Jared E. Bendis

Visual Acuity, DPI, and Resolution

Recently at work I was asked to investigate various display technologies (like visualization walls and large format printing) and I thought I would take a slightly different approach to the problem.

Warning: There is a lot of math in this article but you can skip the equations along the way and still follow along.

Whenever we talk about displaying things we invariably talk about the size of the display and the resolution.

In my multimedia class I define resolution as the number of pixels wide something is by the number of pixels tall something is – it is the absolute number of pixels that we have.

The trick when displaying or printing is what to do with these pixels.

Pixels vs Dots

When asked by a student: How big is a pixel?  I always answer: A pixel is.  A pixel is a unit of measurement.  A pixel simply defines a single piece of data.  A “dot” on the other hand is a pixel in physical form. A “dot” can be measured.  On the screen one pixel of information can be represented by a dot – this dot has a physical dimension.  When we print we use the same terminology but it gets a little murkier.  When we talk about how we distribute a resolution across a given space we use the term DPI or dots per inch.  This is a measurement of density.  Are the dots spread out or are they closer together.  The reason this is murky is that printers use even smaller dots (of primary print colors) to create a single dot.  So a single pixel printed as a single dot is really made up of even smaller dots.  This bothers a lot of people but it shouldn’t because each dot on the screen is also made up of smaller dots (of primary light colors).  In the end – these smaller dots whether on the screen or on the page are supposed to be so small that our visual acuity cannot discern them individually and they blend into a whole – a single dot for each pixel of information.

People tend to use the term DPI for print and PPI (pixels per inch) for screens – I feel DPI is the more appropriate term as we are talking about measurable dots – and I will use the term DPI for the rest of this article.

A common misconception is that 300DPI is ideal for print and 72DPI for the screen.  This is a gross oversimplification and too often wrong.  While 300DPI does tend to work well for print – display technologies have changed drastically and it is a rare occasion that the 72DPI concept is useful.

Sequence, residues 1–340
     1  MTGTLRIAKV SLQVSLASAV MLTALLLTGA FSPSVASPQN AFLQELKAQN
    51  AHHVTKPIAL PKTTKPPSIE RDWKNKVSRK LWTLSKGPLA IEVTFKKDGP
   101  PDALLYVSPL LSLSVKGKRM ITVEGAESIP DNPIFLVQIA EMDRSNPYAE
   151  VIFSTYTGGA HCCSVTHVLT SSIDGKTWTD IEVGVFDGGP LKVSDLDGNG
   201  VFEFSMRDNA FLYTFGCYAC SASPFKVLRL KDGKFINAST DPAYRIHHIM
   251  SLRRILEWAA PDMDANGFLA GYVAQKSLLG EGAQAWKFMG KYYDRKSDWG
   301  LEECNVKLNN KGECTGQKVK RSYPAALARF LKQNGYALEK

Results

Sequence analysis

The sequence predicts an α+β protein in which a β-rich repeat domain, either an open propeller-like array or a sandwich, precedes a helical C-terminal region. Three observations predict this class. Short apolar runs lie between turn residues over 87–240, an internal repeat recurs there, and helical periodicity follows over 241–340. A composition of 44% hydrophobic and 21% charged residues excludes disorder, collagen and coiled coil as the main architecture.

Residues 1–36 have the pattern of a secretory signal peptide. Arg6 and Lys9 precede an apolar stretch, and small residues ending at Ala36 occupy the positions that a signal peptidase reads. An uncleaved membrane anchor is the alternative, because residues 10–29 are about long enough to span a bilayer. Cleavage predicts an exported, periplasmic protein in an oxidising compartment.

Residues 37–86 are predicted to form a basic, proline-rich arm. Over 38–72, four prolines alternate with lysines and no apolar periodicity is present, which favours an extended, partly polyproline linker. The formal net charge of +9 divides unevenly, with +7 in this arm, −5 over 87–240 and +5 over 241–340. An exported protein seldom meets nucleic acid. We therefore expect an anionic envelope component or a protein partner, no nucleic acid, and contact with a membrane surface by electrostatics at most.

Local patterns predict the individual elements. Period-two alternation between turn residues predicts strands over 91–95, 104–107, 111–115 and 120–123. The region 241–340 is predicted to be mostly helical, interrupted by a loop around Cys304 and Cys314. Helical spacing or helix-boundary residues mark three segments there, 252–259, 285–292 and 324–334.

So what I want to do here is flip the conversation.  Instead of talking about printers and screens – I want to talk about what a human being can see.  The perceptual side of things.

Visual Acuity

A circle is made of of 360 degrees.  A single degree is made of of 60 arc minutes.  So 1 arc minute is 1/21,600 of a full circle.

When we say a person has 20/20 vision we mean they have the acuity to discern a detail of 1 arc minute.

Some people have worse vision such as 20/40 and they can only discern at 2 arc minutes – some have better vision such as 20/10 and they can discern 0.5 arc minutes.

There is a physical limit to human visual acuity as there are only so many cones (color sensors) in the eye and while 20/8 is possible it is rare – the kind of thing you see in fighter pilots.

Size, Distance, and Density

So when we look at picture, poster, or monitor we are really talking about 3 different elements.

The size of the thing – and based on the size of the thing we choose a distance to be from it when we view the thing, and then from there we can determine the density of dots that our visual acuity can actually resolve.

For my first example – let me start with my TV.  I have a 55″ 1080p HD LCD TV.

TVs are measured diagonally and in reality the TV is approximately 50″x30″.

So based on the size – how far away do I want to sit? Well that depends on how much of my Field of View (FOV) I want to fill.

While the human Field of View is very wide – a comfortable (practical) Field of View is 40 degrees.  Pick too wide a FOV and yours eyes dart around – too narrow and the image just isn’t large enough.